In this 24-hour news cycle — we continue to be concerned about how #BlackLivesMatter is covered and we challenge the ways in which a senseless tragedy, an isolated incident, is being used to send a chilling message to protesters and to shape a dangerous narrative primarily by the Patrolmen Benevolent Association’s Patrick Lynch. Mayor de Blasio and Chief Bratton have not pushed back on the newly shaping narrative. Our hearts go out to the families of officers Liu and Ramos. We ask the media not to erase from these tragic events that the shooting of Shaneka Nicole Thompson in Baltimore, is where these unfortunate events began, ending with the alleged shooter, Ismaaiyl Brinsleyn, taking his own life. According to his own family we know he had a history of mental illness and instability that was not properly addressed. Our hearts go out to all of the families that have suffered violence and loss connected to these events. In light of all we know, and with respect to all who hurt most now, we must not let misconceptions prevail.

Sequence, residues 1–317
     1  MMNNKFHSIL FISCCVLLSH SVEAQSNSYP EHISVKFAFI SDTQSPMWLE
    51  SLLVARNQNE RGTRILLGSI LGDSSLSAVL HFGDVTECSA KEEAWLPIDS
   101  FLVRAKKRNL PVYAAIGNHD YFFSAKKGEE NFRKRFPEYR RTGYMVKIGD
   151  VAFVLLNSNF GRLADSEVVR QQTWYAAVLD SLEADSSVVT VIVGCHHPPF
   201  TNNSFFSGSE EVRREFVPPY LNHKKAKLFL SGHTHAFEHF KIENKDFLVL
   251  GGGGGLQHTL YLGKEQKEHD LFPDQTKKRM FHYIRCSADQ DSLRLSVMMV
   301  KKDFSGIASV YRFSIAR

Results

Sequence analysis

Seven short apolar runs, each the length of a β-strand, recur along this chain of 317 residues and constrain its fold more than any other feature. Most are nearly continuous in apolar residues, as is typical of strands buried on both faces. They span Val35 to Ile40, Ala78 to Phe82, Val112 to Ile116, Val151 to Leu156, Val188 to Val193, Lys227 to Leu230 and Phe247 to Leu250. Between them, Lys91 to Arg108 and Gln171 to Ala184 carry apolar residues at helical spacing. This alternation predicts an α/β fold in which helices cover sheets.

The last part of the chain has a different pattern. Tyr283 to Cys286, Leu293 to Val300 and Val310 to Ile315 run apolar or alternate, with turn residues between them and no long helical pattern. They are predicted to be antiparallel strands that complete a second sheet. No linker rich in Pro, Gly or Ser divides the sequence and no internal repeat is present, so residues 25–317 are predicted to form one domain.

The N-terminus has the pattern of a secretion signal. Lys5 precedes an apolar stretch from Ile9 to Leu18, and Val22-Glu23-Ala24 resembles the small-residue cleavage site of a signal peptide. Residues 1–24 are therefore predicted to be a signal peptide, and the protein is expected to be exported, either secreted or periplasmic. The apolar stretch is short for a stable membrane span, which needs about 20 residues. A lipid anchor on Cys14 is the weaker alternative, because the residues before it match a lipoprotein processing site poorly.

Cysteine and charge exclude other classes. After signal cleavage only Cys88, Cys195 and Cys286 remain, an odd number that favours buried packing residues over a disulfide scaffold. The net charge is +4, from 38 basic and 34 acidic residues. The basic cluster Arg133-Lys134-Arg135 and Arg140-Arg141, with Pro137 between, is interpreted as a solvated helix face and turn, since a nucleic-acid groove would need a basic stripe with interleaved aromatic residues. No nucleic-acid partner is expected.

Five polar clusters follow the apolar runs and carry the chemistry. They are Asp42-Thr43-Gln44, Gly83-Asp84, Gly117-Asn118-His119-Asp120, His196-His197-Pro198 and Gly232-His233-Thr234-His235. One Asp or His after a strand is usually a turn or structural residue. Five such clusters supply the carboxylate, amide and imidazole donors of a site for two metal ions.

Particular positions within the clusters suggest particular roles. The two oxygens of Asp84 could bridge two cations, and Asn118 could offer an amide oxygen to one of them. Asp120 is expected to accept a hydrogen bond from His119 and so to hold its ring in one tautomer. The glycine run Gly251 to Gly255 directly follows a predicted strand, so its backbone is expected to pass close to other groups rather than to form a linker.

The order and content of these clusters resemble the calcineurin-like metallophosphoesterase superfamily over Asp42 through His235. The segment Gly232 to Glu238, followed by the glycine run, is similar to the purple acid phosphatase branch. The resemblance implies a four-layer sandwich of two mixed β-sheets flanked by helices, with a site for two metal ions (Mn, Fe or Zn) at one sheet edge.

This is a challenging moment, but we must maintain the integrity of our message and moral movement. We still have the moral high ground, and we cannot allow for it to be undermined. In 2011 when I was still in Arizona, I saw a similar dynamic play out with Sheriff Joe Arpaio. While human rights activists were clear and backed by evidence of racial profiling inherent in the “Show Me Your Papers” law, Sheriff Arpaio was intent on mocking and villainizing protesters and the communities that were suffering the most. He helped to set up a false dichotomy about how he was protecting “law and order” and the community was lawless. He stoked racial hatred and used his power and platform that helped build a base of extremists and positioned them to speak, in effect positioning politicians, lukewarm reformers, as having a moral center with “common sense” and “practical” solutions and proposals. We cannot allow that to happen. We do not have time for the platforms of people who stoke hatred or confuse the debate, and we cannot be satisfied with politicians telling us what is or is not possible.
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